Science, Climate Change, And Me

Climate change is difficult to talk about. Most of us don’t live close enough to the equator to feel the heat, and it won’t affect us until it’s too late. Unfortunately, climate change is a scientific issue that impacts us all. It’s undeniable. The earth is either warming or cooling, and humans have contributed to this warming.

What can you do about Climate Change?

By 2100, climate change will cost the US economy hundreds of billions of dollars, according to a new analysis, so what can be done? For starters, cut back on your carbon footprint, and since transportation accounts for almost 40 percent of greenhouse gas emissions, that means driving less. Later this week, we’ll look at other ways you can help fight climate change, but in the meantime, here’s what you can do to reduce your carbon footprint:
  1. Reduce energy use as well as your bills. Climate change is a hot topic these days, but there’s a new, less politicized way to approach the issue. Even though climate change is an abstract concept that really affects all of us, you can do something about it. The Environmental Protection Agency (EPA) has an ongoing initiative called Home Energy Saver to encourage individuals, families, and businesses to reduce their energy use and save money. You can save energy and money by choosing energy-efficient products, unplugging electronics, installing Energy Star windows or door products, and turning off lights and appliances when not in use.
  2. As much as possible, leave your car at home. If you drive to work, carpool, or take public transportation, you’re already doing your part to combat climate change. But there’s more you can do beyond parking your car during the week; another way to save energy and lighten your carbon footprint is to leave the car at home. When you drive to work, you not only use gas or electricity to get to your destination, but you also expend your energy driving to and from the place you choose to do business. So if you can find a way to work from home, order lunches, or work from a different location, you can not only save gas money but also reduce stress on your car.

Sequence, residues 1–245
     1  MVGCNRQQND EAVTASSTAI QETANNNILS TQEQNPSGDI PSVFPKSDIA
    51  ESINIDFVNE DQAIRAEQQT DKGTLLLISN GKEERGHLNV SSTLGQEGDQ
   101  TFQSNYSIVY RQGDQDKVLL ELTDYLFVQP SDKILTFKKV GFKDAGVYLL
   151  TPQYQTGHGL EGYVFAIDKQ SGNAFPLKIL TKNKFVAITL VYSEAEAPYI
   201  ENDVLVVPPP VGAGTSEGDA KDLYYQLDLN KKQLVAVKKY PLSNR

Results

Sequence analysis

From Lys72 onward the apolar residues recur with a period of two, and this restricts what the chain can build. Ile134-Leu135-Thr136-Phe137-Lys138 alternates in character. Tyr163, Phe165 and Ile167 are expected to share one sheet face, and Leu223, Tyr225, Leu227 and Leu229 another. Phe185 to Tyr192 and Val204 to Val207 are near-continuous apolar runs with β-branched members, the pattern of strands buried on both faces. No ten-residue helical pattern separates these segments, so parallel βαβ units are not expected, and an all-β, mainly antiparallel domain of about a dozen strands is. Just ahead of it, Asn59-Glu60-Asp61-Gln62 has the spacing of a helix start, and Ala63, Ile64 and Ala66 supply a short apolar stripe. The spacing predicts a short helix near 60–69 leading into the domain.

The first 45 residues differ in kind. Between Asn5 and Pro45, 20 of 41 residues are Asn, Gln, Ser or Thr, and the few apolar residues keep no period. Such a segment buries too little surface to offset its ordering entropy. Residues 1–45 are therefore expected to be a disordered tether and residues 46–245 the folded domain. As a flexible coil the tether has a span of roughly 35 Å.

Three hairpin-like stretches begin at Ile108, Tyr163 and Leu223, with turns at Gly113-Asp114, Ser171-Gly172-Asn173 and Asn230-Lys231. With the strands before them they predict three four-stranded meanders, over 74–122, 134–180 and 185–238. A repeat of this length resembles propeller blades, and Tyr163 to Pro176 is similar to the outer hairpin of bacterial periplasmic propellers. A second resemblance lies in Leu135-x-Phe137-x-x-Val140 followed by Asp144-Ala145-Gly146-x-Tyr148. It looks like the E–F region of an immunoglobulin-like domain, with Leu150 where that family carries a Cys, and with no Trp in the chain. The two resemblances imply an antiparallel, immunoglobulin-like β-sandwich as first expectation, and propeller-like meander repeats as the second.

3. Reduce your air travel. Most of us are familiar with the fact that flying is a major contributor to global climate change. In fact, flying accounts for 2 percent of global greenhouse gas emissions, according to research from NASA. Although you can take steps to offset your carbon footprint when you fly, such as planting a tree to offset your emissions, there are things you can do to cut back on flying, such as packing smarter so you can take less of everything with you.
  4. Eat less dairy as well as meat. Did you know that raising animals for food is responsible for 14% of greenhouse gas emissions? And that the food you eat is responsible for 11% of greenhouse gases? And that, on average, our diets contribute to around 18% of all greenhouse gas emissions? As the global population continues to grow, demand for meat is going up, too. The meat-heavy diet isn’t just bad for the global environment; it also poses significant health risks.
  5. Cut down on single-use items. How we dress and what we wear can help or hinder our impact on the planet. Our clothes are the biggest contributor to our carbon footprint. They take up a lot of space in landfills and need to be laundered and washed, which consumes a lot of energy. Plus, clothing made from plastic and microfibres persists in the environment for hundreds of years.
  6. Know where you are investing your money.  The growing importance of responsible investing is leading to a change in the way money managers think about their investments. Sustainability is not just about keeping the economy going now; it is also about ensuring that current generations are able to leave a healthy planet for future generations. Some international companies, for instance, are known to invest millions in projects which have the capacity to cause significant environmental damage and climate change. So, next time you make an investment, you might want to know where your money is being invested into.
  7. Let your voice be heard. The sad fact is that climate change is an environmental crisis with both immediate and long-term impacts. It affects our health, our economy, our security, and our future. Yet, climate change deniers are actively damaging our planet and our future. Elected officials, however, have the power to make changes. Join others like you in taking action and speaking up about the importance of addressing climate change, including through conservation and renewable energy.
Climate change is a problem that affects everyone. It is a problem that can directly influence our health and environment. In order to prevent this deadly problem, everyone must do their part in reducing our collective carbon footprint.

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